Clojure Software Transactional Memory (STM)


The upsurge of multi-core and multi-CPU computers demands that applications become more concurrent to effectively utilize increased computational capacity. Concurrency has traditionally been managed using locks, which unfortunately have proven to be less than ideal as they often result in deadlocks, starvation, race conditions, and error-prone code that can be difficult to debug. In this post, we will explore how to leverage Clojure’s Software Transactional Memory (STM) to craft programs that better utilize modern hardware.

Clojure’s way

Clojure addresses this issue of state and concurrency by providing immutable data structures and language-level semantics for safe concurrency through managed references to state, facilitated by a runtime that implements a control mechanism called Software Transactional memory (STM).

STM is a software-level design for controlling access to shared data in memory. It works in a way that is similar to database transactions (only that it pertains to controlling access to in-memory data as opposed to permanent data storage).

STM transactions ensure that changes are done atomically—that is, either all changes associated with a transaction are applied, or if the transaction fails, the changes are rolled back. In addition, changes must be done consistently, meaning a transaction will fail if changes fail to satisfy certain specified constraints. Lastly, changes must happen in an isolated manner. All changes made to data in a transaction are made visible only to the thread that made the changes inside the transaction.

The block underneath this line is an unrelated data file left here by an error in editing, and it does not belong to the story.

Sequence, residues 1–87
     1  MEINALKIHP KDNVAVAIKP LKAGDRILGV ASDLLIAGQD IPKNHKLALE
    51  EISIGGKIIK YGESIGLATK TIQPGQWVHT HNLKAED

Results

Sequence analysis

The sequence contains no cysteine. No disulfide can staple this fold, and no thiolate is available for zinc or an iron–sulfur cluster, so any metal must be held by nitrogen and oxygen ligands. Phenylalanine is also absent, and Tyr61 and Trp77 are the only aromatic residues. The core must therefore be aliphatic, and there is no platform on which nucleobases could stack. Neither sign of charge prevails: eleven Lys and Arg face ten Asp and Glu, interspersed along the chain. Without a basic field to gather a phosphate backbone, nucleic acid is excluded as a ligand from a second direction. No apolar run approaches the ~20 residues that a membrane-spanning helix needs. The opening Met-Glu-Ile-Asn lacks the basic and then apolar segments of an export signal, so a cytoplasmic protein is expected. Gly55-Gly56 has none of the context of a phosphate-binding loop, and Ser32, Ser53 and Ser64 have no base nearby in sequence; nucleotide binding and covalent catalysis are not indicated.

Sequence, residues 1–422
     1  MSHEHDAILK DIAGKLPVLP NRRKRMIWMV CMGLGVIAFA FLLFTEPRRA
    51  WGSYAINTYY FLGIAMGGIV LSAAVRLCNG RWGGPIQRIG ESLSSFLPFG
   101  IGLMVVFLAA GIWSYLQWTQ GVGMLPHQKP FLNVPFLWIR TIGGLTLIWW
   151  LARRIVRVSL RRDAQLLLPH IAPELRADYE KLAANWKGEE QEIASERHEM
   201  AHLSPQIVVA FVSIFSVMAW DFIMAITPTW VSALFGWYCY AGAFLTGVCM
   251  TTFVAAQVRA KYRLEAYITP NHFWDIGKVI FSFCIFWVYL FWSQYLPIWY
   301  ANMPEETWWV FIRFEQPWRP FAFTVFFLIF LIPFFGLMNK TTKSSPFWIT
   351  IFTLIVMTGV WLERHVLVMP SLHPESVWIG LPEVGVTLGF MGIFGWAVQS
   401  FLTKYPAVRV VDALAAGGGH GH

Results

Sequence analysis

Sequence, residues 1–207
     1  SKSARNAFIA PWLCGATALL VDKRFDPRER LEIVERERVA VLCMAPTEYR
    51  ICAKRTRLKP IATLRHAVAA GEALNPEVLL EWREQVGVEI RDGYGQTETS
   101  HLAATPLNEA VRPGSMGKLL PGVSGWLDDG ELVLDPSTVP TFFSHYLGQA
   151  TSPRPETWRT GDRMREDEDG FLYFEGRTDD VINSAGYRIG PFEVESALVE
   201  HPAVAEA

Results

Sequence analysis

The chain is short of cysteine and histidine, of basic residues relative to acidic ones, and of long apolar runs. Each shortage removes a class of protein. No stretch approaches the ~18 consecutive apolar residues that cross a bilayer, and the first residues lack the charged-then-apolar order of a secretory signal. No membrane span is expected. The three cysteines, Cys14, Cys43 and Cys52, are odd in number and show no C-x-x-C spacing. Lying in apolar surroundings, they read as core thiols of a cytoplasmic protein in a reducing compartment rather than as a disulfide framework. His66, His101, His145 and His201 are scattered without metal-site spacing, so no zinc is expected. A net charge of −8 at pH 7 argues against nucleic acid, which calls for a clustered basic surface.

The Clojure STM uses multi-version control concurrency which works by taking a snapshot of data before a transaction is commenced. Changes made to the snapshot are invisible to the outside world (threads) until changes are committed at the end of a successfully completed transaction.

Clojure provides the ref (reference) construct for managing data that allows synchronous and
coordinated changes. All modifications to refs must occur inside an STM transaction, which is specified using the dosync syntax.

The bank scenario

To demonstrate how this works, let’s consider a typical bank account-handling scenario. It is possible to make a lot of transactions on an account or even across several accounts. The account, however, is expected to maintain a consistent balance throughout all these transactions. Let’s create a function that uses a ref to create an account given the account name, account number and an initial starting balance.
(defn create-account [ account-name account-number balance ]
( ref { :account-name account-name
:account-number account-number
:balance balance
} :validator allowable-balance? ) )

(defn allowable-balance? [ { :keys [ balance ]}]
( or ( > balance 0 )
(throw (IllegalStateException. "Balance cannot be less than zero" ) )

This function returns a ref which represents an account when it is called. We have also added a
validator function to ensure that an account balance is always greater than zero. (We are a bank, after all.)

Now, let’s create three account numbers.

(def first-account ( create-account "Robert" 300045 120 ) )
( def second-account (create-account "Mike" 30046 500 ) )
( def third-account (create-account "Rose" 30047 200 ) )

This creates three account refs with the given details, respectively. Now, suppose Mike decides to be charitable and instructs the bank to make a transfer of $200 from his account to Robert’s account.